Companies such as Dell and BMW use an assemble-to-order production strategy that keeps common components on the factory floor, ready for final assembly into the type of personal computer or vehicle that a customer orders. This is great for companies looking to satisfy a large volume of demand but that don’t want to build whole units in advance, to avoid any unsold products. However, the difficulty of estimating how much of each component to hold in stock and how to allocate components to each product can keep companies from maximizing ATO’s benefits in practice, according to Chicago Booth’s Levi DeValve and Duke’s Saša Pekeč and Yehua Wei.

A cross between two alternate production strategies

Illustration of burger factory assembly line and manager

Make-to-stock strategy: MTS managers forecast consumer demand and match anticipated orders with an inventory of fully assembled products.

Make-to-order strategy: On the other hand, MTO systems wait for a customer’s order to arrive before starting production. Because this can include procuring parts and assembling components, MTO often results in a longer lead time.

Assemble-to-order strategy: An ATO strategy aims to combine the best of both systems—its flexibility lets companies fulfill large orders relatively quickly with minimal unsold inventory, yet still allows customers to partially customize orders. Here is how it works:


Illustration of burger ingredients separated out

Managers must decide the quantity of components to order even before they can ascertain customer demand for their products.


Illustration of burger factory assembly line and manager

When customers’ orders arrive, managers must then choose how to allocate the supply of components to each product for assembly.


Illustration of burger customers

The aim is to minimize not only inventory costs from ordering too many components but also product shortages that result in a failure to fulfill customer demand for all products. Shortage costs can include not just revenue lost from canceled orders but also goodwill lost from customers who agreed to wait.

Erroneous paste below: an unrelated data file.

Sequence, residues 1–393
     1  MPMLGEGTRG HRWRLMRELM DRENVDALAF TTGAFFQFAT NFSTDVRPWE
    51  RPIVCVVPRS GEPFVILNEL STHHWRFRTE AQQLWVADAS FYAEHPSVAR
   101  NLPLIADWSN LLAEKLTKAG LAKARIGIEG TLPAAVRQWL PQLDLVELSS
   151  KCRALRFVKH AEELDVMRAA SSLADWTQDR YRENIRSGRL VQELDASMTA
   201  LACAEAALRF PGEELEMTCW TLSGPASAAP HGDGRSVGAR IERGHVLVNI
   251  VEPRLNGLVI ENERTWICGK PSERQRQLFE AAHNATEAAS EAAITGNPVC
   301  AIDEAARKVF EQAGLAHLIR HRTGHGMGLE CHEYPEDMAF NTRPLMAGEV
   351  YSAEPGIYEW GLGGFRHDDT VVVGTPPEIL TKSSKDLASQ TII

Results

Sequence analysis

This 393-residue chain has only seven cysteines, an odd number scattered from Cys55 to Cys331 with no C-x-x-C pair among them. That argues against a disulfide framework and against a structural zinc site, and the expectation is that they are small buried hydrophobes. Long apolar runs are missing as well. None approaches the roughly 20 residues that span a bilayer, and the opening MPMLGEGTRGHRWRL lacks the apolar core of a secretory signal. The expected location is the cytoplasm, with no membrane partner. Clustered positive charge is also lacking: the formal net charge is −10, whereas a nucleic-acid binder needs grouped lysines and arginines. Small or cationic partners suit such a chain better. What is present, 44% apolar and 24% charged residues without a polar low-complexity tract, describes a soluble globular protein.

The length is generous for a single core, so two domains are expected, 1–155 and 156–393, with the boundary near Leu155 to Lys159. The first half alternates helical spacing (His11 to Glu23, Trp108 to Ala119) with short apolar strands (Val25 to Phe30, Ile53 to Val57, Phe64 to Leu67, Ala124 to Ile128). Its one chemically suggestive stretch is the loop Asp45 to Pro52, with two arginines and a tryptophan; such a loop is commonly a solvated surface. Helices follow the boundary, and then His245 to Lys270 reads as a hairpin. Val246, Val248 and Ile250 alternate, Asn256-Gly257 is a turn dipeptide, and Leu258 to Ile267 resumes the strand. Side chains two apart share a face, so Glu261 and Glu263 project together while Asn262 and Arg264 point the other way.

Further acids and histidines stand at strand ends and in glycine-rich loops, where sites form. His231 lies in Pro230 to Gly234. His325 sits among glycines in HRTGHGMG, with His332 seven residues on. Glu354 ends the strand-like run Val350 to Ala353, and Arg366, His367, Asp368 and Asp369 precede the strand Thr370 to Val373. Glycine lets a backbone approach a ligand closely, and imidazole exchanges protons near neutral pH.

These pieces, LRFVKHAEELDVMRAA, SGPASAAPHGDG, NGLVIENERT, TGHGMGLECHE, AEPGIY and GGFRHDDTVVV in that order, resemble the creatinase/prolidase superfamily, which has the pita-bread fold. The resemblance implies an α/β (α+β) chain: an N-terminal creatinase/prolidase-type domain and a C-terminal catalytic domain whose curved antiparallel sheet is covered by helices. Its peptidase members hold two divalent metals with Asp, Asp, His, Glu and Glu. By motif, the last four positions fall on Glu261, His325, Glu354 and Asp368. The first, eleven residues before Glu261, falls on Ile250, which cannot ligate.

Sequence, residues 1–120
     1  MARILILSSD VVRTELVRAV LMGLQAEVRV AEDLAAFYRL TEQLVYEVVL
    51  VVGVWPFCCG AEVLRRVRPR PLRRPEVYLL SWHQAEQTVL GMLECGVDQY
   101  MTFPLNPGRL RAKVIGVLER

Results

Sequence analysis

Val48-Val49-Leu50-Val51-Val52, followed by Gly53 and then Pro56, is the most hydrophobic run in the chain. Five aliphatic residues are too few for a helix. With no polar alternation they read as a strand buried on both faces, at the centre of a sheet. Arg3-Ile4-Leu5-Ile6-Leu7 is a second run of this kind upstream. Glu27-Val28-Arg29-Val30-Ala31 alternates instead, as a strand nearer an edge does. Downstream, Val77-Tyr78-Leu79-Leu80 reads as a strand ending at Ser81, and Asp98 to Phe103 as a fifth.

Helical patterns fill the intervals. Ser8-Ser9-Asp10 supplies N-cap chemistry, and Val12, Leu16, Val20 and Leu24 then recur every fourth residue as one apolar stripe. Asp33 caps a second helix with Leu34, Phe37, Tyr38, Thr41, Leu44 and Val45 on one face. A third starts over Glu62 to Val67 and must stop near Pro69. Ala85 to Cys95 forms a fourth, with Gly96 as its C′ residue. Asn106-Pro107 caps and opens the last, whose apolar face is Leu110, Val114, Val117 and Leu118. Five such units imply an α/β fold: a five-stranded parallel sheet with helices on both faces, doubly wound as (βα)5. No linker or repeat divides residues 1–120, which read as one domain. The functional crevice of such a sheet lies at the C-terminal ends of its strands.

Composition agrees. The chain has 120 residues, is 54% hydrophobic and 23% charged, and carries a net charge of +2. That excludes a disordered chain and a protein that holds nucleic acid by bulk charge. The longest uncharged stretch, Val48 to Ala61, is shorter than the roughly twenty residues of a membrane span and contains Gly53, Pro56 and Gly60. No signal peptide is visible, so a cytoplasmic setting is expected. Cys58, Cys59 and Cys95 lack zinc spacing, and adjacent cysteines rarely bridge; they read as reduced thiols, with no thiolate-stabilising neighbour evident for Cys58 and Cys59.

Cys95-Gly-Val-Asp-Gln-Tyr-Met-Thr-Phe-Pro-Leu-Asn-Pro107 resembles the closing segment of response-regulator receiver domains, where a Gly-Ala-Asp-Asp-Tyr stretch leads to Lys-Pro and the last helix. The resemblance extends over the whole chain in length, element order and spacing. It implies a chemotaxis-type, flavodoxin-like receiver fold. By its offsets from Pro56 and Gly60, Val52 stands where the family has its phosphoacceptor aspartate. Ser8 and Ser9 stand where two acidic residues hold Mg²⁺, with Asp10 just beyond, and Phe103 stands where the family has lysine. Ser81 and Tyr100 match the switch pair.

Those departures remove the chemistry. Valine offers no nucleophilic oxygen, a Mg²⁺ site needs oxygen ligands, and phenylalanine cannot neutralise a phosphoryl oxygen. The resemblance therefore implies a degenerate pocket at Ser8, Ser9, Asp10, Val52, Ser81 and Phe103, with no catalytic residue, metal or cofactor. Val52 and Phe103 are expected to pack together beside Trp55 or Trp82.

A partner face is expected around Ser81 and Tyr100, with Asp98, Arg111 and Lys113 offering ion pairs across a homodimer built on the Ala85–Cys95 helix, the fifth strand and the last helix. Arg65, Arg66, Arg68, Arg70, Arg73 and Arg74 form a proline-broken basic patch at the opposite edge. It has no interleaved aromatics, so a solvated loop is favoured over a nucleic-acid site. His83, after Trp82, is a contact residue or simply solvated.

Calculating for modern operations

Illustration of supply and demand meter in burger factory

Managers of large-scale operations have an especially difficult time computing the optimal solution due to the many decisions they have to make in combination, according to DeValve, Pekeč, and Wei. To address this problem, the researchers designed a computationally efficient algorithm that can generate better decisions for:

• SUPPLY: How much to order of each component

• DEMAND: How to prioritize product assembly when orders arrive

More precise than established methods

An approach that can scale up: The researchers’ technique involves balancing inventory and shortage costs to come as close as possible to the optimal cost. Their algorithm, which takes a new approach to analyzing this problem, does not degrade in performance as the problem grows in size, a crucial stability guarantee for the scale of modern applications that has been lacking in the existing algorithms.

Closer to the optimal solution: In numerical simulations, the researchers find that their algorithm outperforms existing methods—on average, it comes within 1 percent of the optimal solution compared with 5 percent to 13 percent for other methods.

From burgers to cars to computers: many businesses use this strategy

Illustration of variety of burgers

Besides classic assembly-line businesses such as carmakers and computer manufacturers, service and retail companies can also follow an ATO strategy. For example, food-service companies have to maintain an adequate supply of fresh ingredients. For retail giant Amazon, one of its important supply decisions is which products to stock in regional warehouses so it can fulfill as many items as possible in a single order.

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